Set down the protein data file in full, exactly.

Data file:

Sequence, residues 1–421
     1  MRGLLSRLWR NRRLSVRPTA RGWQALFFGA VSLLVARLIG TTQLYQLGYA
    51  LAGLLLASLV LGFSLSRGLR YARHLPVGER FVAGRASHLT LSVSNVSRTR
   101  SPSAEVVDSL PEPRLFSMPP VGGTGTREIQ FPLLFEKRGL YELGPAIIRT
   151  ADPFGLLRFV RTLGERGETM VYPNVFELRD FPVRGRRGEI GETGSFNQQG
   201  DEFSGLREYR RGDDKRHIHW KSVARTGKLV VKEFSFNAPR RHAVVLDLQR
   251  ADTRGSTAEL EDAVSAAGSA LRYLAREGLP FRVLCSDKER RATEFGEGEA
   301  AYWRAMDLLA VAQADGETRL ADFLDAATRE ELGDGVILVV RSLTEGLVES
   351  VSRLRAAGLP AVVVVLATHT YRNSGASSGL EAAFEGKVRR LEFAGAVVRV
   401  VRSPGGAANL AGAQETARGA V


Sequence, residues 1–421
     1  MRGLLSRLWR NRRLSVRPTA RGWQALFFGA VSLLVARLIG TTQLYQLGYA
    51  LAGLLLASLV LGFSLSRGLR YARHLPVGER FVAGRASHLT LSVSNVSRTR
   101  SPSAEVVDSL PEPRLFSMPP VGGTGTREIQ FPLLFEKRGL YELGPAIIRT
   151  ADPFGLLRFV RTLGERGETM VYPNVFELRD FPVRGRRGEI GETGSFNQQG
   201  DEFSGLREYR RGDDKRHIHW KSVARTGKLV VKEFSFNAPR RHAVVLDLQR
   251  ADTRGSTAEL EDAVSAAGSA LRYLAREGLP FRVLCSDKER RATEFGEGEA
   301  AYWRAMDLLA VAQADGETRL ADFLDAATRE ELGDGVILVV RSLTEGLVES
   351  VSRLRAAGLP AVVVVLATHT YRNSGASSGL EAAFEGKVRR LEFAGAVVRV
   401  VRSPGGAANL AGAQETARGA V